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Thursday, 10 July 2014

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Cumbrian man jailed after throwing wine over partner during row

A woman wept at the back of a courtroom as her lover was jailed for pouring wine over her during a row.

James Thomson threw the wine over Lucy Pratt then smashed a window before driving home having drunk too much alcohol.

He was been sent to jail for 70 days and banned from driving for four years by a judge at Carlisle Magistrates’ Court.

Thomson, 28, of Berrymoor, Brampton, admitted assaulting Mrs Pratt, criminal damage, driving with excess alcohol, careless driving, driving without insurance, failing to stop after an accident and failing to report it.

Adrienne Harris, prosecuting, told the court that Thomson went to his partner Mrs Pratt’s house on August 27.

An argument broke out between the pair who had been having an “on-off” relationship for a year. During the row he poured half a glass of wine over her.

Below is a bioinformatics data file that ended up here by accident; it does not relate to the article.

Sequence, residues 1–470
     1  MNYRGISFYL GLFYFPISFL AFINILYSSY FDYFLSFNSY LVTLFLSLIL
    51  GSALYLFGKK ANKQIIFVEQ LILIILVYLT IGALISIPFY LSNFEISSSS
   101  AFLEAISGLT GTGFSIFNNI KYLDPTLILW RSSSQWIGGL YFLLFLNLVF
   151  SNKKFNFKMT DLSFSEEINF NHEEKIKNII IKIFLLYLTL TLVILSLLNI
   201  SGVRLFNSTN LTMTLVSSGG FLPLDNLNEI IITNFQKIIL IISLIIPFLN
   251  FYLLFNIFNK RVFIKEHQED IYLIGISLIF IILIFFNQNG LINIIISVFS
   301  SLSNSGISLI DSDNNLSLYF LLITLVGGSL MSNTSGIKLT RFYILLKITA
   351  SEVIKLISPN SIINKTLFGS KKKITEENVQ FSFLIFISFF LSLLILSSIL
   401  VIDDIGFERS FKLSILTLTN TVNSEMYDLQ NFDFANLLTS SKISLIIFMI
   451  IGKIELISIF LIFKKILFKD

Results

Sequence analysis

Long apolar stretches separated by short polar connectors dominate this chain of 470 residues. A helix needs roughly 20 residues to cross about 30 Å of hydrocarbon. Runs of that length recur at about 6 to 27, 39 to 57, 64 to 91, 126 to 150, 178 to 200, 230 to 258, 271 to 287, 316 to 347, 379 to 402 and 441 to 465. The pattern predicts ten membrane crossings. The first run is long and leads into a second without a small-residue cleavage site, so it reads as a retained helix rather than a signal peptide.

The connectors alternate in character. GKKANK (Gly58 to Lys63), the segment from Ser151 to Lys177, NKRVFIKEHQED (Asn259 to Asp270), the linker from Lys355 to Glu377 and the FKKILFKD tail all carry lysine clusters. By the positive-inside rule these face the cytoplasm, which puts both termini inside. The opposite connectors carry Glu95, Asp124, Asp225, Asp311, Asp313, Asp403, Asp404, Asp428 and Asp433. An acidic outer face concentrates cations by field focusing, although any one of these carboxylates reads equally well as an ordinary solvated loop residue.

Thomson stormed out of the house smashing a glass window injuring his hand as he went.

He went to drive his BMW car home but on the way was involved in a collision with another car.

Thomson carried on home and parked his car in his garage.

Mrs Harris told the court that the driver of the other car found a small piece from the BMW`s registration plate after the accident and police traced the car to Thomson.

District judge Gerald Chalk was told that when police arrived at his home Thomson was hiding in a cupboard.

His car was found to have a broken number plate.

When given a breath test he had 51mcg of alcohol in 100ml of breath.

The legal limit is 35.

Nick Kennon, defending, said Thomson had gone to his partner’s house but her ex still lived there and made “matters difficult”.

He admitted losing his temper.

Thomson wasn’t intending to drive but his hand was bleeding from the broken glass and he wanted it bandaged as soon as possible so drove home.

“The injury was such that he was now scarred for life.

As he was led away from the magistrates court he declared his love for his girlfriend, who sat weeping at the back of the courtroom.

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